Toechter ~ Zephyr

The debut album from Toechter (Daughters) combines the talents of Lisa Marie Vogel, Katrine Grarup Elbo and Marie-Claire Schlameus on viola, violin and violoncello.  But while the album lands in the category of modern composition, it is not just a string album; nor is it fully composed, as these works began as improvisations.  Rounding out their sound with a “percussion library” comprised of interactions with their instruments, the trio produces a sound that borders on the electronic.  The sounds fit together like the Tetris-like letters on the cover, interlocking in a fashion that seems instinctive.  Nor does the album end here; the video below contains a non-album track (“She”), while the trio’s Soundcloud page contains an even newer track (“Melt”), along with a generous sampling of the aforementioned improvisations.

Two early singles, “Wish” and “Bliss,” whet our appetite for the project.  “Wish” is also the album’s opening piece, beginning in what sounds like a tuning session until the violoncello arrives to give it form.  The video follows suit, as a dancer drifts in and out of definition.  This brief coalescence, less than two minutes long, sets the stage for the rest of the album.

“Charms” introduces the trio’s love for percussive elements, the framework to which the tempos will latch.  The ear is fooled, hearing drums.  The strings produce a hybrid texture, modified with electronic fluctuation.  There’s even a breakdown akin to a 12″ trance record.  Toechter, what hath thou wrought?  “Tectonics” introduces lyric-free voice, another instrument in the arsenal, while the title track alone includes words.  An amusing aside in the liner notes states that what most listeners will experience as pop, the trio experiences as experimental, because to them, pop is experimental!  Another distinctive feature of the record is the brevity of the pieces; the longest lasts five minutes, the shortest 28 seconds.  These tiny works fly by like dreams: puffs of music whose melodies linger in the air, already dissipating as the next pieces begin.  Second single “Bliss” splits the difference (and includes a charming video, seen below), but works even better in context as part of a free-flowing set.  By “Verbal Errors,” all elements ~ strings, percussion, voice and glitch ~ are fully integrated, ending in a beautiful breath, a sigh of contentment.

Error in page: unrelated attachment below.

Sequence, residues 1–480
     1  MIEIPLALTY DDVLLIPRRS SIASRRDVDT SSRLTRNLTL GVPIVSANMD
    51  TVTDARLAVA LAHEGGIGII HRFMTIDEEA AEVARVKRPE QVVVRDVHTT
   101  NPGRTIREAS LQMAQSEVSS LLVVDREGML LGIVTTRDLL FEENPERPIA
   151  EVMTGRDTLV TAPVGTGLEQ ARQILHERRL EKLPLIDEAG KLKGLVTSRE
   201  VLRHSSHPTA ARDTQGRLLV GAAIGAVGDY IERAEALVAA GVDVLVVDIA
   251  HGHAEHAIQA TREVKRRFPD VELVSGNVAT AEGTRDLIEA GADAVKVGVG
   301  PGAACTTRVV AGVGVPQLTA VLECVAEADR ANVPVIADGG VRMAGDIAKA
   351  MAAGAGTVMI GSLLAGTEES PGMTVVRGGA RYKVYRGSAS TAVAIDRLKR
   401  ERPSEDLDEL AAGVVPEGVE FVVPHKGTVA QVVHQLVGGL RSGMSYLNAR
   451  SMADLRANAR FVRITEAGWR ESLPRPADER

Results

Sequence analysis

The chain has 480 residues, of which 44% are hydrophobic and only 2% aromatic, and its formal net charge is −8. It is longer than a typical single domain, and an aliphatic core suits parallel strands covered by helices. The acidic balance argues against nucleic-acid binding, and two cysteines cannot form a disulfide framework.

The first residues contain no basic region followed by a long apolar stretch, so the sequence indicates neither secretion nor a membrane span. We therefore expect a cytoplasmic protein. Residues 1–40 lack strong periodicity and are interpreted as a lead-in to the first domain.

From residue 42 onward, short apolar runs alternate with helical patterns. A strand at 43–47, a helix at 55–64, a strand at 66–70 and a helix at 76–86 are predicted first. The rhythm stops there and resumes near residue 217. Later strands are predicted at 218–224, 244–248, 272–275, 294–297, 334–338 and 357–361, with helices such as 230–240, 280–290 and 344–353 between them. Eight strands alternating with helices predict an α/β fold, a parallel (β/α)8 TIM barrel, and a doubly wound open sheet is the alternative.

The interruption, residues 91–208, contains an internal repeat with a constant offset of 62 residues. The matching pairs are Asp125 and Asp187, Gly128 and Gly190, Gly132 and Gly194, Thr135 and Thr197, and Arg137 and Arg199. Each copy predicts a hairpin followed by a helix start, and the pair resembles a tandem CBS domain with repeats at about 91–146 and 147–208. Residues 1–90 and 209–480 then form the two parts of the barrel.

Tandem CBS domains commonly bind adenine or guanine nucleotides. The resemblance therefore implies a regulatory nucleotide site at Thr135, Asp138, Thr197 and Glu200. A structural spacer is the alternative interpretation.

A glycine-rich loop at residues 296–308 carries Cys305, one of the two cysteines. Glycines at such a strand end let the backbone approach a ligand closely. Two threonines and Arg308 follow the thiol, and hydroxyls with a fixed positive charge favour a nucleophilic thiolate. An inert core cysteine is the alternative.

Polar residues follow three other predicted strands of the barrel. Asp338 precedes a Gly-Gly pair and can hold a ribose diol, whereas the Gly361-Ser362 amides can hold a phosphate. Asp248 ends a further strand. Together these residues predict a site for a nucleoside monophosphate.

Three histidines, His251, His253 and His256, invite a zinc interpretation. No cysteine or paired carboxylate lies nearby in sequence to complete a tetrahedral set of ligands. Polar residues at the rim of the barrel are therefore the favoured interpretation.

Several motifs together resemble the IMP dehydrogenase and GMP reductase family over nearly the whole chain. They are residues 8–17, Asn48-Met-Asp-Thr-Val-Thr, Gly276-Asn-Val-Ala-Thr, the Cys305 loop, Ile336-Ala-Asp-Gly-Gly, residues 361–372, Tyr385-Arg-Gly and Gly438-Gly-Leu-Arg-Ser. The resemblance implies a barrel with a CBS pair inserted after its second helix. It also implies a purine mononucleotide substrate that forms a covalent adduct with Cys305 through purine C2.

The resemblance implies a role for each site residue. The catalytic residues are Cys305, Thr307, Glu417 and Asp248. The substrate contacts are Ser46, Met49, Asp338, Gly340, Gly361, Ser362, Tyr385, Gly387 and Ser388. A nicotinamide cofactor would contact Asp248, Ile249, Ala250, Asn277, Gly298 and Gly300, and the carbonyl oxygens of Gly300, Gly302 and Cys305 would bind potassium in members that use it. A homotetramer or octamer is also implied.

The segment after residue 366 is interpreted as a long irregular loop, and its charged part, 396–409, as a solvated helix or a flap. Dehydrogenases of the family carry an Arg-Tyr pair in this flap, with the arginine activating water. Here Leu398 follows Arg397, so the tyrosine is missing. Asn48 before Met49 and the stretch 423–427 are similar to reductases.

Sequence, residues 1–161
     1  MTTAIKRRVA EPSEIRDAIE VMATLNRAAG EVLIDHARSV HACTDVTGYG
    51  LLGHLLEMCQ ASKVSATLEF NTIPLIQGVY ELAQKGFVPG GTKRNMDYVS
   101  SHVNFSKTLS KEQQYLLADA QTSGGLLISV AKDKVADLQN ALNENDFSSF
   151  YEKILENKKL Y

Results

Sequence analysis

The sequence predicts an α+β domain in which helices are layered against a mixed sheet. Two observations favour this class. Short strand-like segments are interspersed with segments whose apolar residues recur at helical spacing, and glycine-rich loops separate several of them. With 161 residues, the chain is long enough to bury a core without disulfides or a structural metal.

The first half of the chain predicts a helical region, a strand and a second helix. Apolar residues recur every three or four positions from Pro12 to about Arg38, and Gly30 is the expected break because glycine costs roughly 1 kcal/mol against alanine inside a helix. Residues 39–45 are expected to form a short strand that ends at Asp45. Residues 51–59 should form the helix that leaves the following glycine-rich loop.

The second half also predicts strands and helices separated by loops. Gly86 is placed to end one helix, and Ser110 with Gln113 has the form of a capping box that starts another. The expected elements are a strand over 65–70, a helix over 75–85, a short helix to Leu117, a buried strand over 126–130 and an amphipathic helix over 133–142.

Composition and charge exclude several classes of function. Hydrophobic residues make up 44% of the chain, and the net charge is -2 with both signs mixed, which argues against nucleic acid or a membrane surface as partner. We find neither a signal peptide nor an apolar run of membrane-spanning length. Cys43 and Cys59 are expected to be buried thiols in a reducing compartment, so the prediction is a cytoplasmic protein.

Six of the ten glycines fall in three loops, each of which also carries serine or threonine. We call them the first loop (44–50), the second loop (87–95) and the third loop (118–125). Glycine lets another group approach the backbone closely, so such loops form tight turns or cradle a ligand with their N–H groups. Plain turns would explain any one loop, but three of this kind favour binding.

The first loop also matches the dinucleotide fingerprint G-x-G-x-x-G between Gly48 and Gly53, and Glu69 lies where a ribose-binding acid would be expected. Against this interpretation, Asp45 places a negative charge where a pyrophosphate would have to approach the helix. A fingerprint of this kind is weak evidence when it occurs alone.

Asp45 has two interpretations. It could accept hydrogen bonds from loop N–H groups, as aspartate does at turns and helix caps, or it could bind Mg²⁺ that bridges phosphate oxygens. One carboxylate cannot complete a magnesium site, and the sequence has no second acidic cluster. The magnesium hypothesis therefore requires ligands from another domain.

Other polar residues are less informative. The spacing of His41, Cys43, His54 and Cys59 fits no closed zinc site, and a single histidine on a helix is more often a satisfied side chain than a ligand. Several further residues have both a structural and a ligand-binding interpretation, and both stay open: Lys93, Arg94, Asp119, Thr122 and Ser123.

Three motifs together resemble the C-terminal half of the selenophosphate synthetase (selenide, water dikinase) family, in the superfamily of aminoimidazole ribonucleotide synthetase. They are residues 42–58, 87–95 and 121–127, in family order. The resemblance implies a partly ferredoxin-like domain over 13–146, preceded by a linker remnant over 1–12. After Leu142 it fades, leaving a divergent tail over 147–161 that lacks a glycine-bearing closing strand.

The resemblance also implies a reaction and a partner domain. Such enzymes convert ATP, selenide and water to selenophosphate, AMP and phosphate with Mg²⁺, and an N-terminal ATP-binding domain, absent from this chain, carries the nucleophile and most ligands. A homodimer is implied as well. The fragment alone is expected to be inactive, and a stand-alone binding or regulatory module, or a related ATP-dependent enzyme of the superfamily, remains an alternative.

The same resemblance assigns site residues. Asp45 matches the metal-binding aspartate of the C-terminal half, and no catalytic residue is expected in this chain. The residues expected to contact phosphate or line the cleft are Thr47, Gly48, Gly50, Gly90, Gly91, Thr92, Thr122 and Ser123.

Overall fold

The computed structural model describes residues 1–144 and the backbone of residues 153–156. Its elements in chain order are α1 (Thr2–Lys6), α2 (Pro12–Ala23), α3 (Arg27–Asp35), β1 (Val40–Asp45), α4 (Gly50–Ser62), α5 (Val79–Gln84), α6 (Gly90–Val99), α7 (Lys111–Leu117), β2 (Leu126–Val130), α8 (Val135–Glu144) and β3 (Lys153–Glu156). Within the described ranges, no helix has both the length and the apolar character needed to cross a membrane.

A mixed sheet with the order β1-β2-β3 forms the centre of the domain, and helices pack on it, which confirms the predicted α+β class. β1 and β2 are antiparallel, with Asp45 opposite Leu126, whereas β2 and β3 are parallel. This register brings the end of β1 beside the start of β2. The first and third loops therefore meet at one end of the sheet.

The incorporation of electronics is not the band’s only expansion.  “Fall” contains elements of dark ambient and drone, and contains a rattling, unsettling breakdown; “Rêvé” (“Dream”) hops along at nearly 180 bpm, the upper limit of techno.  “Epilogue” falls back into the open arms of classicism.  No single track encompasses all that Toechter is and might be; the trio is poised to head in many directions, and we suspect they will continue to innovate and impress.  (Richard Allen)

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